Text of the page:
LDL particle number and risk of future cardiovascular disease in the Framingham Offspring Study-Implications for LDL management

William C. Cromwell, James D. Otvos, Michelle J. Keyes, Michael J. Pencina, Lisa Sullivan, Ramachandran S. Vasan, Peter W.F. Wilson, Ralph B. D'Agostino

Research output: Contribution to journalArticlepeer-review

315 Scopus citations


Background: The cholesterol content of low-density lipoprotein (LDL) particles is variable, causing frequent discrepancies between concentrations of LDL cholesterol (LDL-C) and LDL particle number (LDL-P). In managing patients at risk for cardiovascular disease (CVD) to LDL target levels, it is unclear whether LDL-C provides the optimum measure of residual risk and adequacy of LDL-lowering treatment. Objective: To compare the ability of alternative measures of LDL to provide CVD risk discrimination at relatively low levels consistent with current therapeutic targets. Methods: Concentrations of LDL-C and non-HDL-C were measured chemically and LDL-P and VLDL-P were measured by nuclear magnetic resonance in 3066 middle-aged white participants (53% women) without CVD in the Framingham Offspring cohort. The main outcome measure was incidence of first CVD event. Results: At baseline, the cholesterol content per LDL particle was negatively associated with triglycerides and positively associated with LDL-C. On follow-up (median 14.8 years), 265 men and 266 women experienced a CVD event. In multivariable models adjusting for nonlipid CVD risk factors, LDL-P was related more strongly to future CVD in both genders than LDL-C or non-HDL-C. Subjects with a low level of LDL-P (<25th percentile) had a lower CVD event rate (59 events per 1000 person-years) than those with an equivalently low level of LDL-C or non-HDL-C (81 and 74 events per 1000 person-years, respectively). Conclusions: In a large community-based sample, LDL-P was a more sensitive indicator of low CVD risk than either LDL-C or non-HDL-C, suggesting a potential clinical role for LDL-P as a goal of LDL management.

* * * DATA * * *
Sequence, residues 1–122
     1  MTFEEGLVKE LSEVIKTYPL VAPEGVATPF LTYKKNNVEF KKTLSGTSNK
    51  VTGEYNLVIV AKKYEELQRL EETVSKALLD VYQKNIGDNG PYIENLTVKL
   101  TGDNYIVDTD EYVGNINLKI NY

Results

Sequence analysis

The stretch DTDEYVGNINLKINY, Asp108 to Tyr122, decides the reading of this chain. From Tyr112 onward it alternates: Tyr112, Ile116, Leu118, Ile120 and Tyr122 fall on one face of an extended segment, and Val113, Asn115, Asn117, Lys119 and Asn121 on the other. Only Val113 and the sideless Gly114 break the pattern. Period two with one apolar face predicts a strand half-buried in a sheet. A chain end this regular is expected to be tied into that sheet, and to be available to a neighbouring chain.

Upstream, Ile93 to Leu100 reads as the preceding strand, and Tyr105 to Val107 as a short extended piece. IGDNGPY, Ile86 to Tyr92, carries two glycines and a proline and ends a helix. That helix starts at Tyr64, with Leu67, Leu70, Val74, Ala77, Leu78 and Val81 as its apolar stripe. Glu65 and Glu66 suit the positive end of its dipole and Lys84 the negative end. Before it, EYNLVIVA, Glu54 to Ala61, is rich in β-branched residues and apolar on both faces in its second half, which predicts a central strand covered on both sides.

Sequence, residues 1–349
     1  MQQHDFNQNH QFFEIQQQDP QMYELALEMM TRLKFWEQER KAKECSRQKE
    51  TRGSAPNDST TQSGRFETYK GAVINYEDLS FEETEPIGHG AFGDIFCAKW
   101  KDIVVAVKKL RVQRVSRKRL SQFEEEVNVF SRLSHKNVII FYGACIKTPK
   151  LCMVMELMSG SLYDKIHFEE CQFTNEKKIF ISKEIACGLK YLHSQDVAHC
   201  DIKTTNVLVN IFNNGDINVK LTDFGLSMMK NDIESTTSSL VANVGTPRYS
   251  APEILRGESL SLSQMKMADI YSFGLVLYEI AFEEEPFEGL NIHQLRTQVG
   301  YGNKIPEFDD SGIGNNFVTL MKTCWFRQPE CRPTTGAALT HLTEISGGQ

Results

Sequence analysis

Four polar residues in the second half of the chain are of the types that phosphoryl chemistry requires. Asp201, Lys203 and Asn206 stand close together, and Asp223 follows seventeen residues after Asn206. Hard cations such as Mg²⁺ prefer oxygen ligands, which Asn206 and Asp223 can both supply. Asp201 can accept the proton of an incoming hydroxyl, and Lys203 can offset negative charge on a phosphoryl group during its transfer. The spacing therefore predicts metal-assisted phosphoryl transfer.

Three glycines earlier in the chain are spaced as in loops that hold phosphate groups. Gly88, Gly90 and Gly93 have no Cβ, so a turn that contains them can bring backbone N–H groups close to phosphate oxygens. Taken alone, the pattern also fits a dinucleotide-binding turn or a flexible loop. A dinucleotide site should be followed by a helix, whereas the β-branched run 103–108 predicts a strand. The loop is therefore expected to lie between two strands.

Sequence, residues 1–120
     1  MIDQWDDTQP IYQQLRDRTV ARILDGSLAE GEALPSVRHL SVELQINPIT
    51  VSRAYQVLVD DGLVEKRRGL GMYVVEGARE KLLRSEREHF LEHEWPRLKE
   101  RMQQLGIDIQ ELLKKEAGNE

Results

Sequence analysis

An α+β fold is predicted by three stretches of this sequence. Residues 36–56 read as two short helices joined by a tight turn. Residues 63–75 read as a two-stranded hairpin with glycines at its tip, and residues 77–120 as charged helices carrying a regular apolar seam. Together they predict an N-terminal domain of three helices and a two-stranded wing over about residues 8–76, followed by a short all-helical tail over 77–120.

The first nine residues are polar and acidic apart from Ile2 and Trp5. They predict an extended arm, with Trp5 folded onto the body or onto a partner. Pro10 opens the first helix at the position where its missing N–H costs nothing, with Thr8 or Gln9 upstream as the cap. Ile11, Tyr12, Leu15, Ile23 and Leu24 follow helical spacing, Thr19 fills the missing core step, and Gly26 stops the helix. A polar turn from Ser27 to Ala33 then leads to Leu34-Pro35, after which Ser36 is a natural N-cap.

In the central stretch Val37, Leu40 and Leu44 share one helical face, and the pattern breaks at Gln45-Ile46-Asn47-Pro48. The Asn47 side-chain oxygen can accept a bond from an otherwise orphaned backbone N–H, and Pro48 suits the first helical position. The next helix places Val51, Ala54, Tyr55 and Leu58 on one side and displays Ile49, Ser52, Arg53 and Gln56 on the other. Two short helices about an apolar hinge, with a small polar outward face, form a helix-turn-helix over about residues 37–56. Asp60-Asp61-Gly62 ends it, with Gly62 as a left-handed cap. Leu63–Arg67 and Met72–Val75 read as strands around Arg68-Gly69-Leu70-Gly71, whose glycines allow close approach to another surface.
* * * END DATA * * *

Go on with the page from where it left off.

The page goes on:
Original languageEnglish (US)
Pages (from-to)583-592
Number of pages10
JournalJournal of Clinical Lipidology
Issue number6
StatePublished - Dec 2007
Externally publishedYes


  • Cardiovascular disease
  • LDL cholesterol
  • LDL particle number
  • Non-HDL cholesterol
  • Nuclear magnetic resonance

ASJC Scopus subject areas

  • Internal Medicine
  • Endocrinology, Diabetes and Metabolism
  • Nutrition and Dietetics
  • Cardiology and Cardiovascular Medicine


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